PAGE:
Teddy Bears from Kids Who Care

A Teddy Bear.

“Stuffed animals are like your buddy,” said 13-year-old Emily George of Ben Wheeler, Texas.  “You can tell them secrets, what you’re going through.”

That’s one reason why Emily decided that other kids probably would like some stuffed animals, too — especially kids who are spending the holidays in the hospital.

So according to Tyler, Texas, TV station KETK, she and her mom went out and bought at least 64 teddy bears and other furry friends — animals they plan to hand out around Christmastime.

“Why not make a brighter holiday for all the kids in the hospital,” Emily told KETK reporter Kendall Kirkham.  “Make them feel like they are loved and cared for.”

Being in the hospital is hard enough when you’re a grownup.

When you’re a kid, it can be even harder.

“Giving (kids) something soft and cuddly and familiar to them, something that they can hold, can decrease their anxiety,” said Sandy Criswell of Fairview Hospital in Cleveland, Ohio, in an interview with Cleveland TV station WKYC.

This year, Fairview has gotten at least 62 teddy bears from 10-year-old Ben Thorne of Avon, Ohio.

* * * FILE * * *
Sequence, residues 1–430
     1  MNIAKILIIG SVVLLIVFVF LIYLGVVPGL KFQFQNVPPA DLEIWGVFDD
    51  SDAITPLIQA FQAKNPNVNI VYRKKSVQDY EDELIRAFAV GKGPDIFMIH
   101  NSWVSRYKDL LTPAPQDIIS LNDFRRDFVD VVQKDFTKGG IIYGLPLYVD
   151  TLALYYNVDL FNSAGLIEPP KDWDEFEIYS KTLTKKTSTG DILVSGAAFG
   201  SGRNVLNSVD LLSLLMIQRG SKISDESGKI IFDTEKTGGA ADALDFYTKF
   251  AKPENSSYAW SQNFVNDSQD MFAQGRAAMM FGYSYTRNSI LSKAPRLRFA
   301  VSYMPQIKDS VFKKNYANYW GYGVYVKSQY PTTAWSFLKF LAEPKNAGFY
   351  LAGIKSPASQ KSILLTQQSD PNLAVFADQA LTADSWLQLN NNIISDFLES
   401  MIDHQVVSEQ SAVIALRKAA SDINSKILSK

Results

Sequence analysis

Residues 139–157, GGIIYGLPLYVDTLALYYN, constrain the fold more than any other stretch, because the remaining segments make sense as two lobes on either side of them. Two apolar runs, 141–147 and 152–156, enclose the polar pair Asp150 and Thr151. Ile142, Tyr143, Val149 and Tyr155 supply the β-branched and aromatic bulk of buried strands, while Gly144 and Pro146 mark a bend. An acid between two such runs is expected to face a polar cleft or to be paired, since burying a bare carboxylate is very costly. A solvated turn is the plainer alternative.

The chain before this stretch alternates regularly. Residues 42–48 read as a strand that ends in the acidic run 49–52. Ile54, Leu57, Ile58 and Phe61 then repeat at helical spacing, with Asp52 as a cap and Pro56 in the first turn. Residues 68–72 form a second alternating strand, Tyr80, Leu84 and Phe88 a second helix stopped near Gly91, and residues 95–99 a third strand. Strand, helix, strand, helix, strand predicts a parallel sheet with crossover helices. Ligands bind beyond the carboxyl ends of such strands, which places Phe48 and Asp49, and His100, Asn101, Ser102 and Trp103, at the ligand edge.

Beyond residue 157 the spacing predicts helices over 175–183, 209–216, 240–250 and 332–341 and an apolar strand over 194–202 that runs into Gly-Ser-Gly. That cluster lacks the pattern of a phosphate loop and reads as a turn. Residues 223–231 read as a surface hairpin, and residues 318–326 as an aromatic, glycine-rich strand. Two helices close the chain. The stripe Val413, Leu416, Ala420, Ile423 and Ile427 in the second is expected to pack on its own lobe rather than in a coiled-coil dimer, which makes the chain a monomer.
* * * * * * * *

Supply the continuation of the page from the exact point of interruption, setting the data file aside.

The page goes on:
Ben says he decided to collect bears for other kids because he couldn’t find anything he wanted for himself for his birthday.

“I asked (my friends) to donate bears,” he told WKYC reporter John Anderson.  “And then I got my street to do it.”

But Ben’s not finished yet.

He told WKYC he hopes to get every single kid at his school to donate a teddy bear.

“If, like, everyone at my school donates one, there are going to be like 600 bears,” he said.

Eight-year-old Nicholas Booth hopes to collect hundreds of toys as well.

He plans to give them out as holiday gifts to kids in hospitals near his home in Dinwiddie, Virginia.

“It will cheer them up,” he told Richmond, Virginia, TV station WWBT.  “And they could be surprised on Christmas day.”

Nick told Richmond TV station WRIC that it makes him feel sad to see kids in the hospital.

“I want to do this every year,” he added, in an interview with WWBT reporter Nicole Bell.  “It makes me feel good.”

And it makes other kids feel even better.